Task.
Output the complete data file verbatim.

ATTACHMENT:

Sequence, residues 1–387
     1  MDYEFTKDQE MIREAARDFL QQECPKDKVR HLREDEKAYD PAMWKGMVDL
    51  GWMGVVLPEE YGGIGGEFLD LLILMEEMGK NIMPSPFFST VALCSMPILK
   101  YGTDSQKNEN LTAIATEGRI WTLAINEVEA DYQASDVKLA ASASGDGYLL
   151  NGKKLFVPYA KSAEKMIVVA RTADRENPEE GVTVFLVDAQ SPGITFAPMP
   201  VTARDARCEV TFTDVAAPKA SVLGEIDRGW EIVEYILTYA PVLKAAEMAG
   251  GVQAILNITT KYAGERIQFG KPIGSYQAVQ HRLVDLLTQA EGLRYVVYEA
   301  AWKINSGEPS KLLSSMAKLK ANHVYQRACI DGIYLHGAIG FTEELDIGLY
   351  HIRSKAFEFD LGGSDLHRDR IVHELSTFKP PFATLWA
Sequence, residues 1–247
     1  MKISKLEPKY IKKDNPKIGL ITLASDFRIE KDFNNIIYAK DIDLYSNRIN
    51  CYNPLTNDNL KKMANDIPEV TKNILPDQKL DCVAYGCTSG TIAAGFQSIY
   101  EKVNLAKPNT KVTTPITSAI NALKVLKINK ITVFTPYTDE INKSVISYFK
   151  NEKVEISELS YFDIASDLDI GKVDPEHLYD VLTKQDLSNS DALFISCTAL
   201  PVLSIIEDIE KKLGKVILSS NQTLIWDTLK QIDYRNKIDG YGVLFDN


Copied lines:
Sequence, residues 1–387
     1  MDYEFTKDQE MIREAARDFL QQECPKDKVR HLREDEKAYD PAMWKGMVDL
    51  GWMGVVLPEE YGGIGGEFLD LLILMEEMGK NIMPSPFFST VALCSMPILK
   101  YGTDSQKNEN LTAIATEGRI WTLAINEVEA DYQASDVKLA ASASGDGYLL
   151  NGKKLFVPYA KSAEKMIVVA RTADRENPEE GVTVFLVDAQ SPGITFAPMP
   201  VTARDARCEV TFTDVAAPKA SVLGEIDRGW EIVEYILTYA PVLKAAEMAG
   251  GVQAILNITT KYAGERIQFG KPIGSYQAVQ HRLVDLLTQA EGLRYVVYEA
   301  AWKINSGEPS KLLSSMAKLK ANHVYQRACI DGIYLHGAIG FTEELDIGLY
   351  HIRSKAFEFD LGGSDLHRDR IVHELSTFKP PFATLWA
Sequence, residues 1–247
     1  MKISKLEPKY IKKDNPKIGL ITLASDFRIE KDFNNIIYAK DIDLYSNRIN
    51  CYNPLTNDNL KKMANDIPEV TKNILPDQKL DCVAYGCTSG TIAAGFQSIY
   101  EKVNLAKPNT KVTTPITSAI NALKVLKINK ITVFTPYTDE INKSVISYFK
   151  NEKVEISELS YFDIASDLDI GKVDPEHLYD VLTKQDLSNS DALFISCTAL
   201  PVLSIIEDIE KKLGKVILSS NQTLIWDTLK QIDYRNKIDG YGVLFDN